Despite Creator Complaints, Piracy Isn’t What’s Ailing Comics Industry

The BBC has an article about comic creators who’re complaining about online piracy:

 

A comic book writer’s claim that the proliferation of piracy is “a real problem” has encouraged others in the industry to share their concerns.

Jim Zub, who writes for Marvel and IDW, tweeted that 20 times as many people read comics illegally shared online, than pay for digital or physical works.

Many other comic creators replied with their own experiences of pirated work.

For some, piracy brought personal and professional costs, while others suggested radical distribution changes.

In the thread, Zub said having work spread without being paid for initially created a “visibility boost” for the creators, but has now become the norm for an audience of “rapid consumption”.

“I don’t want pirate readers to think it’s no big deal or victimless,” he tweeted. “Content worth reading is content worth supporting.”

 

True, but is the content being pirated entirely great from an artistic view? What if it’s awful, like Dan Slott’s Spider-Man material? Who in the right frame of mind wants to buy that? Or his Iron Man and Fantastic Four material? And who want to buy Brian Bendis’ Superman material by this point? If you know where to look, there’s plenty of truly revolting products out there – including, but not limited to – political propaganda and just plain sleaze, not worth plunking down money on. So while I do not condone piracy, if it’s going to happen, at the very least it may give someone a chance to see just how bad the stuff could be before they invest, and show why it might’ve fared poorly in sales before.

They also mention a would-be writer who may have worked for Bleeding CooI in the past:

 

Joe Glass is an independent comics writer from South Wales whose titles are sold through Comixology, a distribution site for comics, and has sales figures “the publisher is happy with”.

However, on one pirate site alone, Glass found that his LGBTQ+ superhero series The Pride and The Pride Adventures had been viewed a total of 16,843 times illegally.

This level of piracy hurts him and many other independent writers and artists, for whom money is “pretty tight”.

 

I vaguely remember Glass as somebody who was reportedly antagonizing Richard Meyer over POVs he didn’t agree with. I don’t know why, but it sounds like an oxymoron if the audience he’s presumably catering to doesn’t want to spend dough on his product, the 100 millionth addition to some already cliched genres, and surely another example of “wokeness”.

 

For a comics creator at the start of their career, working to the scale he is, Glass says piracy is a “stumbling block” to getting further work published, rather than giving him exposure.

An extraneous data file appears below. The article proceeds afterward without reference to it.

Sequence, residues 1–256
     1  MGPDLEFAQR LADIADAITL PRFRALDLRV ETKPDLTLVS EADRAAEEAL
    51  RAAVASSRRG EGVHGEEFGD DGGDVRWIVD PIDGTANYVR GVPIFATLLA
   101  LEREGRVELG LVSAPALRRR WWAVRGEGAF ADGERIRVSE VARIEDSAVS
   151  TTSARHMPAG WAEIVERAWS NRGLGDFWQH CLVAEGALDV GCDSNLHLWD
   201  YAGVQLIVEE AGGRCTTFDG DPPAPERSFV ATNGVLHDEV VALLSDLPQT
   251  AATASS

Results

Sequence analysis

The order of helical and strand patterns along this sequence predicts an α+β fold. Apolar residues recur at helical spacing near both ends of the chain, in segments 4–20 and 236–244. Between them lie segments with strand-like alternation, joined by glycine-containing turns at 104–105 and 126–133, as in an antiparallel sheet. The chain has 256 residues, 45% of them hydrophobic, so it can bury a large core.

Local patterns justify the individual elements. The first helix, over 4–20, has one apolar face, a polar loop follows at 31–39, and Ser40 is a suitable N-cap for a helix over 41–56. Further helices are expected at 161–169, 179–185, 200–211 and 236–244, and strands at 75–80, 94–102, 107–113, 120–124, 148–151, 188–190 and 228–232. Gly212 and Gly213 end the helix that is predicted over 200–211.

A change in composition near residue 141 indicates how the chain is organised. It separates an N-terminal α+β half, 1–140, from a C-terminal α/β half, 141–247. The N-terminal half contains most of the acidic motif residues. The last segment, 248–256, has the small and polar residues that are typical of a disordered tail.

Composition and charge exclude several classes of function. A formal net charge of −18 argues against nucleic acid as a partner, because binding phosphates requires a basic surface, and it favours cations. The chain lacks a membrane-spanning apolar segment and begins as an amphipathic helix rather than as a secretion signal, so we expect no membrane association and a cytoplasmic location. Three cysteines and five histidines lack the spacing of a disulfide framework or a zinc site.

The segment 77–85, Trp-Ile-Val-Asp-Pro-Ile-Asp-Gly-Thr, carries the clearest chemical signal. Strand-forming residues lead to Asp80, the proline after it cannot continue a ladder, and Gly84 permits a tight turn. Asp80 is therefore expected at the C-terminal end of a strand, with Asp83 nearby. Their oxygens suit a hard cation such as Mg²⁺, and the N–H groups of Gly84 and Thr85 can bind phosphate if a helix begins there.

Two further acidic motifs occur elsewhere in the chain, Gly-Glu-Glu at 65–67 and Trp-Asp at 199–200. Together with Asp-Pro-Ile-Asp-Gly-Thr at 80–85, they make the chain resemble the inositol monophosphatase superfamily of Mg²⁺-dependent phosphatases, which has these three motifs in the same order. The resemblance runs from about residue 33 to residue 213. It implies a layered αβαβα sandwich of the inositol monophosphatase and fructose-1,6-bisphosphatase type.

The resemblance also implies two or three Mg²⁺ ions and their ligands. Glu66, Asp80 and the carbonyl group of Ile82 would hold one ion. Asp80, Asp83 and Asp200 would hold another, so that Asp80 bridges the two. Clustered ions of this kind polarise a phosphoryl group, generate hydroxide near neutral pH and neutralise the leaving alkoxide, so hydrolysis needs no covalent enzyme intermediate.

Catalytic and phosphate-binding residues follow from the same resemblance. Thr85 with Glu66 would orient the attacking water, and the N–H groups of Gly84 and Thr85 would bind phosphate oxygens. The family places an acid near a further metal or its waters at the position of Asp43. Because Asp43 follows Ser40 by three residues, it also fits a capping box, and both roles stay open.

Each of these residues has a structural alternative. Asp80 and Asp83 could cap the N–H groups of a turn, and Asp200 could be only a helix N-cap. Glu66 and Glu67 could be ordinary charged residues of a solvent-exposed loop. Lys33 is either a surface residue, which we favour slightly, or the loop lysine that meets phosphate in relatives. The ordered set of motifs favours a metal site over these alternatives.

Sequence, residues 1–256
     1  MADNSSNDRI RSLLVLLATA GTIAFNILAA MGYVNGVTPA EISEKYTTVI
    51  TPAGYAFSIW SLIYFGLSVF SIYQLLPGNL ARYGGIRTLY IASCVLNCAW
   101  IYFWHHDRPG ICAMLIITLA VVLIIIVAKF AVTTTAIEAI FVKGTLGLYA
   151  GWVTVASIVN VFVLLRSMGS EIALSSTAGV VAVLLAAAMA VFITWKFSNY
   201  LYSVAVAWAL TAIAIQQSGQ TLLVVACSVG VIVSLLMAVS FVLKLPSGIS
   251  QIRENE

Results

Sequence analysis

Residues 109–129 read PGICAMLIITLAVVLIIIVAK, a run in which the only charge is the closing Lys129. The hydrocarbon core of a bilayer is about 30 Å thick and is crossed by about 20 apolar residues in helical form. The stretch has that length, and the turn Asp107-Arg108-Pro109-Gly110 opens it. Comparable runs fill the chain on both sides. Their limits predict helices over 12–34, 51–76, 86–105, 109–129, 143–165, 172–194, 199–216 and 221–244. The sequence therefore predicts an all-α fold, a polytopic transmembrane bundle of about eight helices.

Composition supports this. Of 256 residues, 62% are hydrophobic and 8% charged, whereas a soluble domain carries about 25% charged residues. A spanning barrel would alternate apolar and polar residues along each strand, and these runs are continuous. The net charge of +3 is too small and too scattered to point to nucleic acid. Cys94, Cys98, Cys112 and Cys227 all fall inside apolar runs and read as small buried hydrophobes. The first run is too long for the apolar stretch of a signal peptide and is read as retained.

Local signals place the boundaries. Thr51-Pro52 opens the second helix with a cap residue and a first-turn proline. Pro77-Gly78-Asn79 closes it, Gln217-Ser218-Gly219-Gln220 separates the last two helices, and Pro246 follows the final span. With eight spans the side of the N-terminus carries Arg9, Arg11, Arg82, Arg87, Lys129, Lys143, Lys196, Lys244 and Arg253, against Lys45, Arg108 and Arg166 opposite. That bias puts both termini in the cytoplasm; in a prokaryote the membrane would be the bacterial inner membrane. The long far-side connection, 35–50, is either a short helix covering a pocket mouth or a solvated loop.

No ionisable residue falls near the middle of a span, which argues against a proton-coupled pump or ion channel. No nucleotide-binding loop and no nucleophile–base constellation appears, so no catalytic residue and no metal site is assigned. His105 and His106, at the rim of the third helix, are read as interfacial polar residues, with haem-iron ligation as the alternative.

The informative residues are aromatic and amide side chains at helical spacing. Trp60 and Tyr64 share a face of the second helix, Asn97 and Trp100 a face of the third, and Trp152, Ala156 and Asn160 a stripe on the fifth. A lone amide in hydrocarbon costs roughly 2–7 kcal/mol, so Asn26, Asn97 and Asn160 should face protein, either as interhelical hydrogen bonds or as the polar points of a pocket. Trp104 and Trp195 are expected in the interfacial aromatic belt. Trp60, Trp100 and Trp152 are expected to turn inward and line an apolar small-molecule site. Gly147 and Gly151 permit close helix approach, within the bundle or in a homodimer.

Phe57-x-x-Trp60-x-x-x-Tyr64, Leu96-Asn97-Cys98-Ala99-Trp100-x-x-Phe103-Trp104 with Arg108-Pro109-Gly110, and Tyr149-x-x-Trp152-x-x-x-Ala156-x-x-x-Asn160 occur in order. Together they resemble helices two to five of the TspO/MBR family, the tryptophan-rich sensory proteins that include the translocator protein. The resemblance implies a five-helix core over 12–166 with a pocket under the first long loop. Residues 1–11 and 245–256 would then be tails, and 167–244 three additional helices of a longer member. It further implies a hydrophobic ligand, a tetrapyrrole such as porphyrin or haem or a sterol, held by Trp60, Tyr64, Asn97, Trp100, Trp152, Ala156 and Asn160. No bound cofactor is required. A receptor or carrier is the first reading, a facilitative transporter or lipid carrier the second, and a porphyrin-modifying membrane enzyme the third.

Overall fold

“I tried to consider the benefits, but now I ultimately can’t see it as anything other than stealing.”

If every person to pirate his work had bought an issue instead, “it would mean enough payment to me and my whole creative team in full for the series, and a good step of the way into the next project.”

“Instead, the next project is entirely reliant on getting picked up by a publisher who will help fund its creation.”

 

Well if he was wrongfully attacking Meyer over petty issues like artistic dissent and whatnot, I have a hard time caring, even as I don’t condone piracy. Plus, why does it seem like quite a few news reporters these days are suddenly getting into the writing/drawing business of a medium they may not have reviewed objectively? I just don’t see the point.

I will say, in fairness, that if piracy is really such a big deal to them, then FWIW, they should abandon the practice of monthly pamphlets and just publish the whole book in a paperback/hardcover instead. And maybe limit digital content to only a handful of sample pages; maybe those where the word balloons haven’t been added yet. IMO, that’s how to really make a transition to professionalism, and I wish Stan Lee had thought of it serious decades before. But if they really must complain about piracy, at least acknowledge artistic merit does count in any event.

And then, the artist Jon Malin had the following to say:

 

 

Another creator added this:

 

 

They could also be the very SJWs they’re presumably trying to appeal to. Did that ever occur? Leftists who may support their particular beliefs, yet won’t spend a dime on the writer’s work in question, no matter how much it adheres to their twisted beliefs. In any case, if these would-be creators are attacking the audience for all the wrong reasons, they can’t be surprised if little to nobody wants to purchase their work and would rather look it up online for free. To appeal to the masses, you have to keep a dignified image and maintain at least a little class. Otherwise, don’t be shocked if they won’t rush to buy your work when it debuts.

 

 

Origianlly published here.

Avi Green

Avi Green

Avi Green was born in Pennsylvania in 1974, and moved to Israel in 1983. He enjoyed reading comics when he was young, the first being Fantastic Four. He maintains a strong belief in the public's right to knowledge and accuracy of facts. He considers himself a conservative-style version of Clark Kent. Follow him on his blog at Four Color Media Monitor or on Twitter at @avigreen1

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